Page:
Before my poem, I would like to briefly discuss the final two words (sayings) of Christ from the cross
The last words of Christ from the cross as recorded in the book of Luke differ from what is recorded in the book of John. Luke 23:46 says,
Jesus called out with a loud voice, “Father, into your hands I commit my spirit.”When he had said this, he breathed his last.
John 19:30 says,
When he had received the drink, Jesus said, “It is finished.” With that, he bowed his head and gave up his spirit.
Why are there two seemingly conflicting reports? Did Jesus say one, or the other, or both? The discrepancy can likely be attributed to the fact that each is from a different eye-witness account. It is probable that Christ made both statements, but which came first is impossible to say with certainty. I have chosen to use Luke’s account for Part VI of my series, and I will use John’s account for part VII, as I feel that “It is finished” is an appropriate phrase for the conclusion of my series. And now, here is the poem inspired by Christ’s words:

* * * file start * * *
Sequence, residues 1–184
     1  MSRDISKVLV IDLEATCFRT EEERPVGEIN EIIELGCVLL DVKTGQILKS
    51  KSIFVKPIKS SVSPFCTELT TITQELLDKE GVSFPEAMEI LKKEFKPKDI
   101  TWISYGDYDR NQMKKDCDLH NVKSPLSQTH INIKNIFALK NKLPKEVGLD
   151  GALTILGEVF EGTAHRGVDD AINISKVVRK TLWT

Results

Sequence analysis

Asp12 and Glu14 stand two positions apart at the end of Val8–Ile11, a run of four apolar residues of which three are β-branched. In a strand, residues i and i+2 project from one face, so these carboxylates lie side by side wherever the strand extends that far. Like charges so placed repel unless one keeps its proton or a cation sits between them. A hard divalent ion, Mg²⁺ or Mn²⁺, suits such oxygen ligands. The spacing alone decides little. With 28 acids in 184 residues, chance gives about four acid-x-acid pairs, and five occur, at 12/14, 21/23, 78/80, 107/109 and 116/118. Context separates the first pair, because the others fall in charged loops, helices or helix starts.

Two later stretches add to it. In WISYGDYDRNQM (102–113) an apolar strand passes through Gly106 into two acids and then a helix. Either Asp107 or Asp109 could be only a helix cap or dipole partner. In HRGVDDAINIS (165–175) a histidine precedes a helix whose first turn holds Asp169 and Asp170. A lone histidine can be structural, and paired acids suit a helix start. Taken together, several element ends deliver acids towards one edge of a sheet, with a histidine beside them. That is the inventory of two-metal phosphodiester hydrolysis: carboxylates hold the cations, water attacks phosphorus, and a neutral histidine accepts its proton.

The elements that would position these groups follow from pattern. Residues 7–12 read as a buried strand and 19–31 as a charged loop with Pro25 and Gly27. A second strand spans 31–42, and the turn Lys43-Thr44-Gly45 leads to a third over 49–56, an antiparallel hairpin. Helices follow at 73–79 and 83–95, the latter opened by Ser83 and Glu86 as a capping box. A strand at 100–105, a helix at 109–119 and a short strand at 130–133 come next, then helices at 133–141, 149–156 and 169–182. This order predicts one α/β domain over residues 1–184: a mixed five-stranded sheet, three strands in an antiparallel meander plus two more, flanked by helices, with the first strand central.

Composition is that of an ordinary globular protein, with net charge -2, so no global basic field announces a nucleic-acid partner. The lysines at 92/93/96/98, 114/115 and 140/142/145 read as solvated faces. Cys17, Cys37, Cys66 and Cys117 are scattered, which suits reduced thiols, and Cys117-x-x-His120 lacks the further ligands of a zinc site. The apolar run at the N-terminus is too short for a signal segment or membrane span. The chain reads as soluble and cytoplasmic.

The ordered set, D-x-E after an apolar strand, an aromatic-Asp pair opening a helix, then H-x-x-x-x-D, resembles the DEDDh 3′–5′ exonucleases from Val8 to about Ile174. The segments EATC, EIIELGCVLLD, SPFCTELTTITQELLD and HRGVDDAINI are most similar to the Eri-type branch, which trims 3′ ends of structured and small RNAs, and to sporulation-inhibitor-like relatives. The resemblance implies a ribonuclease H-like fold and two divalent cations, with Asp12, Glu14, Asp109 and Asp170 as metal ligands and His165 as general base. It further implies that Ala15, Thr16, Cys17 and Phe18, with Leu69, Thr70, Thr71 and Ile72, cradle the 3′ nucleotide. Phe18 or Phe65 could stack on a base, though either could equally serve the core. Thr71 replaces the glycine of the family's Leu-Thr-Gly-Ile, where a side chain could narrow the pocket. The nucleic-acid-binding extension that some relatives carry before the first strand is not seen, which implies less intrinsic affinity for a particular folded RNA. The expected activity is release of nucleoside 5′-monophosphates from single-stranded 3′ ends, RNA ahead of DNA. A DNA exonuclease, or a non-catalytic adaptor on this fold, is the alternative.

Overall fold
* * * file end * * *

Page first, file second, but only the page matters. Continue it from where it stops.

He took our guilt upon himself that day
the cross’s pain eclipsed by pain of sin
He wore our shame to take our shame away
a torture greater than his broken skin
He loves us, so was willing to submit
to torment that the world had never known
“Father into your hands I now commit
my Spirit,” he called out with a loud groan
A loving Father’s arms and strong embrace
are where an anguished child longs to be
The death that Christ died that we might know grace:
how could there be a greater agony?
Even in death he kept his eyes above
Upon his Father, trusting in his love.